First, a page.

Sitting in the studio with John Dillard, I realized the magnitude of his talent. He’s smart, creative, original, and constantly evolving. His peers revere him as “an asset”, and “one of the funkiest.” John is humbled by those accolades, and works hard to exceed what’s expected of him. Having been influenced by great artists like Jaco Pastorius, and Marcus Miller, John knows how to infuse multiple styles of playing into his own. He contributes to the local music scene in Charlotte, NC, and was fortunate enough to work on the 2012 pilot track for the Golden Globe Award Winning show Homeland. While collaborating with other artists on various projects, and being the musical director for Stephanie Mills, he’s also stepped into his own spotlight. John is working on his solo project “Let’s Ride” that is scheduled to be released later this year.
Joe Lindsay is a soulful songwriter whose smooth sounds are evident every time you hear him play. Whether on his debut CD “I Wanna Groove”, or on stage with artists such as Stephanie Mills, or Brian Simpson. His music speaks to your emotions, and will always make you feel good. I sat down with Joe and had a conversation about his career.
PBN Joe, tell me when music became your calling.
JOE During my early teenage years when I was inspired by my next door neighbor who would sit outside on his porch and play the bass really loud, Bootsy style. He even had the Bootsy glasses. The funny part of the story is that I actually wanted to play bass guitar, but my parent’s bought the wrong one for Christmas. So it’s their fault I play guitar today.
PBN Did you play in High School?
JOE Yes, I started off playing the saxophone and was first chair every year. In 10th grade I switched to tuba. I switched to tuba because I like to play around a lot. So during band camp, the tuba’s would spot the 50 yard line, and didn’t have to do too much. It also leads back to the whole bass thing. I like being part of the low end.
PBN You attended Berklee College of Music in Boston. While there, what were some of the most valuable lessons you learned about music and about yourself?
JOE To be honest, it was a very excellent school. They give you so much information that it doesn’t really click until after you leave. I learned about theory and the music business. Learning is a lifelong journey. I was there with Lalah Hathaway, Delfayo Marsalis, and Roy Hargrove. So it was great being surrounded by music all the time.
PBN What drives you to continuously evolve?
JOE The love of music and keeping up with what’s going on.
PBN What would you say you like the most between songwriting, performing, recording, collaborating, and managing your own career?
JOE Songwriting of course because of the creative part of it. Performing because you want people to feel what you’re doing. If they’re grooving, you’re grooving.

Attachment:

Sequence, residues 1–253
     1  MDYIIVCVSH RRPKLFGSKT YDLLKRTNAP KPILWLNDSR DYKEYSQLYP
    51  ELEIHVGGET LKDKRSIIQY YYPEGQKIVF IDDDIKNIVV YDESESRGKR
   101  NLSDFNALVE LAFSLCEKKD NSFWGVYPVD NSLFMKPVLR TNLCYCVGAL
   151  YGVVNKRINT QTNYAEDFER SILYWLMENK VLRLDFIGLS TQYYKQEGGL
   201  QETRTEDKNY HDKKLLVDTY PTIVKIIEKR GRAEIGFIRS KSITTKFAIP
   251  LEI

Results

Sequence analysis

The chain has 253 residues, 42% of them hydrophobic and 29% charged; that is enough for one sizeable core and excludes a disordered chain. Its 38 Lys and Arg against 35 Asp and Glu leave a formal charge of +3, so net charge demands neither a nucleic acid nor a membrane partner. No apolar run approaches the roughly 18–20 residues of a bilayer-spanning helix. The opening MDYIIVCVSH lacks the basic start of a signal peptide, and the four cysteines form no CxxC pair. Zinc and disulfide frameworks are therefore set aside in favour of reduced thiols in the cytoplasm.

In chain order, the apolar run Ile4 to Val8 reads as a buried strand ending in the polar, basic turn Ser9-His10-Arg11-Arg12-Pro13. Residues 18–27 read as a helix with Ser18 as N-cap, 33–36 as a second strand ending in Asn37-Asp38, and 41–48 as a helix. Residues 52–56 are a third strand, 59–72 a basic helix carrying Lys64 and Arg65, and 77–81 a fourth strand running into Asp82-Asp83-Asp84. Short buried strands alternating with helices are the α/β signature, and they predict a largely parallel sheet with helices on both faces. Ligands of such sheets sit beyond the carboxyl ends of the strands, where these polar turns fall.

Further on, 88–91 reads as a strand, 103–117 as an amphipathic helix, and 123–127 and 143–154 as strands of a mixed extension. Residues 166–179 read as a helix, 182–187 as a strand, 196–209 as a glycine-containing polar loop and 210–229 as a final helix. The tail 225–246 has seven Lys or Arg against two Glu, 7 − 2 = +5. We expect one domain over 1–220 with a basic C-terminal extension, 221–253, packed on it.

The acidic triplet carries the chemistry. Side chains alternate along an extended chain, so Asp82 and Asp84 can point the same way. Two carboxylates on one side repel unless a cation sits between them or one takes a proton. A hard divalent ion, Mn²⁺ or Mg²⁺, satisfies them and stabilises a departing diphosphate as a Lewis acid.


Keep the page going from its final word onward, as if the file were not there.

PBN Who are some of the legends in the industry that have inspired you?
JOE On the songwritng side, Curtis Mayfield, and Miles Davis who’s my all time favorite. On the guitar side, my all time favorite guitar player is Hiram Bullock. I love his style and his diversity. He plays and has fun at the same time.
PBN You write your own original music, you co-write, and you collaborate live.
Do you enjoy one of those more so than the others?
JOE I can’t say I like one more than the other. They all tie in together.
PBN When collaborating and co-writing, you’ve worked across different genres of music and artists.
PBN Do you know who you want to collaborate with when you’re writing?
JOE I know who’s sound I want, and I know who can give me that sound, so I call them up.
PBN Who are some of those artists?
JOE Kenneth Leonard, Rischard Jenkins, John Dillard, Marcus Anderson, Adrian Crutchfield, and Calvin Richardson
PBN You are known as a soulful artist, and you create music that is heartfelt and feels good.
How do you connect the soul and the heart together to create the music?
JOE It’s all feeling. Play from the heart and hope the people you’re playing for feel it. I come from the whole blues background. I love that stuff.
PBN When recording your CD “I wanna Groove”, did you draw from personal experiences?
JOE Maybe some. It’s kinda different when you’re doing instrumental music with no lyrics. But the ballads like track 7 “Your Eyes”, that’s for the ladies. That’s a good mood changing song in a good way.
PBN I’m looking forward to interviewing the many talented artists from North Carolina. Having said that, you are the first one, but on your CD you collaborated with some of the other’s.
PBN How was it collaborating with your fellow friends and musicians?
JOE It’s fun to work with your peers on one another’s projects.
PBN Finally, tell me what it feels like to have your debut album be as successful and well received as it has been.
JOE It feels great. It means a lot of my hard work is paying off. It’s doing what I need it to do. I’m planning on doing another smooth jazz CD. First, I have to continue performing and introducing “I WANNA GROOVE.”
PBN How can fans keep up with what you’re doing and where you will be performing?